And, as mentioned above, your family's trip past the school -- as you're driving home from church -- could send all of you to jail if you use your gun in self-defense, rather than first retreating as required in some states.

This is because:

* A "criminal street gang" exists as soon as this "informal" group of 3 or more individuals (your family) commits "2 or more gang crimes... in relation to the group" if one of the crimes is a "crime of violence."
* Violation of the Kohl "gun-free-school-zone" amendment (18 U.S.C. 922(q)) is a "gang crime."
* The threat to use a firearm against the muggers is both a gang crime and a crime of violence because it involves a "threat" of "force" against a person.

The bills have other anti-gun provisions, as well:

1. Mandatory Prison Sentences For Gun Owners

The "street gang" provisions in the bill (as mentioned above) could send you and your family to jail for 10 years-to-life if you defend them with a gun under certain conditions.

But even apart from those RICO-style provisions in the bill, there is other language in the bill that could send you to jail for twenty years MINIMUM if you use a gun in self-defense... even without your family being nearby.

Federal law prohibits the mere possession of a firearm during and in relation to a crime of violence. The term "crime of violence" clearly includes brandishing or even opening your coat to display a firearm to defend yourself against a mugger -- without retreating -- in states that require retreat. Hence, a concealed carry permit holder who opens his suit jacket and displays a firearm to a potential mugger in these states is liable under this section because "crime of violence" means the threatened use of force against person or property.

Section 114 of H.R. 1279 would increase the MINIMUM penalty for shooting the mugger (i.e., a Bernie Goetz-type offense) to TWENTY years in prison.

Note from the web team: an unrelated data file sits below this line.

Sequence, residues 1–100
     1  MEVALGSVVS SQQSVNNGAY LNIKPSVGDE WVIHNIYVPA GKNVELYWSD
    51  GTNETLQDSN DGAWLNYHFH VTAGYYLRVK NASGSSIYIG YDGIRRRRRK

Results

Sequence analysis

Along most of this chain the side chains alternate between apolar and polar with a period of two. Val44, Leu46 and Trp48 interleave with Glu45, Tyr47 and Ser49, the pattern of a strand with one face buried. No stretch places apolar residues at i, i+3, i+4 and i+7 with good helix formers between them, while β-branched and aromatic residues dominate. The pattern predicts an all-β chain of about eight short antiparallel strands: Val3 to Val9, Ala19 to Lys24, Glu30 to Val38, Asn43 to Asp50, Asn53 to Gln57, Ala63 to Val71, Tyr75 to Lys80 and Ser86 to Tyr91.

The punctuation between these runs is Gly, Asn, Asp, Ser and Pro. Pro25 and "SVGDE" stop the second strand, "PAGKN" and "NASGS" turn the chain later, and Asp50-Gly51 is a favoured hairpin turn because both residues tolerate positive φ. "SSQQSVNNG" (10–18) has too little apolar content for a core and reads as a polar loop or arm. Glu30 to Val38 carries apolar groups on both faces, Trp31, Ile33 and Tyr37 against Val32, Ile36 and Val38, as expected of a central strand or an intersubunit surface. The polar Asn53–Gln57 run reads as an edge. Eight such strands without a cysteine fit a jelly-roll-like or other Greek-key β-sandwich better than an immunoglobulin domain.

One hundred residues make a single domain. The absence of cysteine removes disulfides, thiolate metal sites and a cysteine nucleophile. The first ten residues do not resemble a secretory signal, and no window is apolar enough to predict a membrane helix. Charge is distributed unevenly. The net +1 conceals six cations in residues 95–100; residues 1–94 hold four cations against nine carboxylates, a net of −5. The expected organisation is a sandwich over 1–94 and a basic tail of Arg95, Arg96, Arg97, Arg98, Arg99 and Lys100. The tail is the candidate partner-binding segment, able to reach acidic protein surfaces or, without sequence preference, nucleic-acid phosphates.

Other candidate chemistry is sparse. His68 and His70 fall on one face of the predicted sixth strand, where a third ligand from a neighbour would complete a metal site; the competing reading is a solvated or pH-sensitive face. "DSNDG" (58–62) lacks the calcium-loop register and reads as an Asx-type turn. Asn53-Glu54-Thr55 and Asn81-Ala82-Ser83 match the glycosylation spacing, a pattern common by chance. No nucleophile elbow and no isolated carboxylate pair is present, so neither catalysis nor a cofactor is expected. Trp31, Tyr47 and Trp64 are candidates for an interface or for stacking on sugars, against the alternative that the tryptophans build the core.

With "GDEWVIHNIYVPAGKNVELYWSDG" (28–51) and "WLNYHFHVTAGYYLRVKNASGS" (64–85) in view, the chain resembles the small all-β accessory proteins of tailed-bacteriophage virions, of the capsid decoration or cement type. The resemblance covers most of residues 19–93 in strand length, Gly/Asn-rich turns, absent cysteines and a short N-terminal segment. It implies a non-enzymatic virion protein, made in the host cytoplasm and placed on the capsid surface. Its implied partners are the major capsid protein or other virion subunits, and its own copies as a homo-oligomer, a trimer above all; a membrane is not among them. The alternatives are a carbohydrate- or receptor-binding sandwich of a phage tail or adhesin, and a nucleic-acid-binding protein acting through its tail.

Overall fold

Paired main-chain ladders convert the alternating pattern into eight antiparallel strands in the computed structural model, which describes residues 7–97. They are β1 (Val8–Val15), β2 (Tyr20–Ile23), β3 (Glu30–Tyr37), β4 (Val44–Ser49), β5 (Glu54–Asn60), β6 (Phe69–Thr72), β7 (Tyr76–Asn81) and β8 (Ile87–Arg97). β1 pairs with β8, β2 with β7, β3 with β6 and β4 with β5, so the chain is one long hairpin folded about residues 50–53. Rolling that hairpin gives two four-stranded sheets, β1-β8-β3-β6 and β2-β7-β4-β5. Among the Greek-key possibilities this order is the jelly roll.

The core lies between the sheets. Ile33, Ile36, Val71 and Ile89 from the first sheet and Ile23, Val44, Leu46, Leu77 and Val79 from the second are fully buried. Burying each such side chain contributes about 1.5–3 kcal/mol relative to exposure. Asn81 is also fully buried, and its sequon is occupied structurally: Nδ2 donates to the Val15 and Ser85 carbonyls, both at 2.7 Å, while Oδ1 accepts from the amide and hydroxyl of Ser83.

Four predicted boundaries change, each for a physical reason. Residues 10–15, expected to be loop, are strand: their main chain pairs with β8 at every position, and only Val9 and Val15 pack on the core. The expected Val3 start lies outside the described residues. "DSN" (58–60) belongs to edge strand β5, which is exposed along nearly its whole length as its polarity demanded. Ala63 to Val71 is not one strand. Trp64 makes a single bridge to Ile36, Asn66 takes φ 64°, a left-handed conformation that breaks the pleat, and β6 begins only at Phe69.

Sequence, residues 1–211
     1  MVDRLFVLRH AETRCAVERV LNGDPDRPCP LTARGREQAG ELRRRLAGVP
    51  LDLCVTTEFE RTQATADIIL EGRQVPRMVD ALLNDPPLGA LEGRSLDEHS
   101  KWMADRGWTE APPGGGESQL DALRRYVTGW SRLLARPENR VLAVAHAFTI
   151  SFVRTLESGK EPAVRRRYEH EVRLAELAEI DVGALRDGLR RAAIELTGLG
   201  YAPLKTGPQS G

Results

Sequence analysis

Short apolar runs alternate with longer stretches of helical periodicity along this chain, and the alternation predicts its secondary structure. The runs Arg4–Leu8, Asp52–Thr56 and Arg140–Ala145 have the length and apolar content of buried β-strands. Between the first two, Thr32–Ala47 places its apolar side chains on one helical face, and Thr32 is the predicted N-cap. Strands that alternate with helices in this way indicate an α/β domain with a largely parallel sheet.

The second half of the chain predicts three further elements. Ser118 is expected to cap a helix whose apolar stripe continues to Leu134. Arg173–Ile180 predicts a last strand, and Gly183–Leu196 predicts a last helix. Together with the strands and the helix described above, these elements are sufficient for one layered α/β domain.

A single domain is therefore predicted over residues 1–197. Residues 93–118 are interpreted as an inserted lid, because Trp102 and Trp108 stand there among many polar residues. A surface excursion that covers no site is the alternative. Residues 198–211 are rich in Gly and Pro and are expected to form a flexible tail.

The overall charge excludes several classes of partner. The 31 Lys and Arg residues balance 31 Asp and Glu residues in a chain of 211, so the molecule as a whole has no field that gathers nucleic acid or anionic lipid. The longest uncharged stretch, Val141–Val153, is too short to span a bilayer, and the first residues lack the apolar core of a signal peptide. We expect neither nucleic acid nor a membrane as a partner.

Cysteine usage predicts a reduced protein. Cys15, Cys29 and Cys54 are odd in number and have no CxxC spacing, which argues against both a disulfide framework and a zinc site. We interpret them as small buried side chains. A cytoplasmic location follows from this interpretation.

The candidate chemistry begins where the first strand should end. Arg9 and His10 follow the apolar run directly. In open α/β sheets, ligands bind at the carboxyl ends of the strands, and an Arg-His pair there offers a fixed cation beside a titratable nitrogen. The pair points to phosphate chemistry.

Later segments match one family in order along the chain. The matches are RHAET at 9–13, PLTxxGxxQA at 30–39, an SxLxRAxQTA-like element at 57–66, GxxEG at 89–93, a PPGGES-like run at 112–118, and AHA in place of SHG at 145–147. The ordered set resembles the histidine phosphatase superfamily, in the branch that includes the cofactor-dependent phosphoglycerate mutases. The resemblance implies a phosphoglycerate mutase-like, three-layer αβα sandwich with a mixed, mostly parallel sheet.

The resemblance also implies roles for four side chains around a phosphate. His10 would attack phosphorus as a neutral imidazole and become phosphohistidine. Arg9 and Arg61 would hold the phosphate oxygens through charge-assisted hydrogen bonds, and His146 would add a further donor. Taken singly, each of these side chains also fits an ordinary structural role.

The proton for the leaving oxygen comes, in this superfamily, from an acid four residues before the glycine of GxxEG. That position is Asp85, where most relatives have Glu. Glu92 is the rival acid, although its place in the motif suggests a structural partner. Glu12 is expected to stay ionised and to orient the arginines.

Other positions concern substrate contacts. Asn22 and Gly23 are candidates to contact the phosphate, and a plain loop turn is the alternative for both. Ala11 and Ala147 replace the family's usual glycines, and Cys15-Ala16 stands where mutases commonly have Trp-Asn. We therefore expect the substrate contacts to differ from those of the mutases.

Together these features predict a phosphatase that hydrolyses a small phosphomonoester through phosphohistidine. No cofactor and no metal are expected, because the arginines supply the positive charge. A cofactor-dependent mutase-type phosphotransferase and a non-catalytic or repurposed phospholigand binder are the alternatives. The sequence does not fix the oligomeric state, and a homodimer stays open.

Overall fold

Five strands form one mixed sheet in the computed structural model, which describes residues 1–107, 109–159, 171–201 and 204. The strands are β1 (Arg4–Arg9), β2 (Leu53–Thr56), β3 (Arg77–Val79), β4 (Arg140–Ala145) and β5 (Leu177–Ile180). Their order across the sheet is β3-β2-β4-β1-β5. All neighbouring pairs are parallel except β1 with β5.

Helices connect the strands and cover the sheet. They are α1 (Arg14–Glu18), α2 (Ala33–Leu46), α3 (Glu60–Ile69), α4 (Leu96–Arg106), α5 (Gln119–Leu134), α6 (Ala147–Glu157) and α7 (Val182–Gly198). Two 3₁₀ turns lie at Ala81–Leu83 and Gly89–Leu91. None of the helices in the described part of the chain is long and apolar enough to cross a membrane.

2. Expanding The Lautenberg Gun Ban

Section 109 of the House bill -- and its counterpart on the Senate version -- makes it more likely that a person will NOT get bail if they possessed a firearm after committing a "Lautenberg misdemeanor." Again, a person could be held to commit such a misdemeanor if the person spanked their kid or spat on their spouse. So for having committed this small infraction (and for owning a gun) a person faces a higher probability of being held in jail until trial.

ACTION: Contact your United States senators. Ask them to oppose anti-gun so-called "gang" legislation.

You can visit the Gun Owners Legislative Action Center at http://www.gunowners.org/activism.htm to send your Senators a pre-written e-mail message.

-----Pre-written letter-----

Dear Senator:

H.R. 1279 and its counterpart, S. 155, are supposedly "anti-gang" measures. But they are so poorly drafted that they could lead to lifetime prison sentences for fathers who protect their families from muggers.

Under H.R. 1279, a family which drives within 1,000 feet of a school (which is almost unavoidable) with a gun in the glove compartment could be a criminal gang if the father or mother brandished the gun to scare off a mugger. All members of the family could be subject to a MANDATORY MINIMUM sentence of ten years in prison -- and up to life imprisonment, at the discretion of the court.

The Senate bill is only slightly better.

Please oppose these anti-gun abominations.

Sincerely,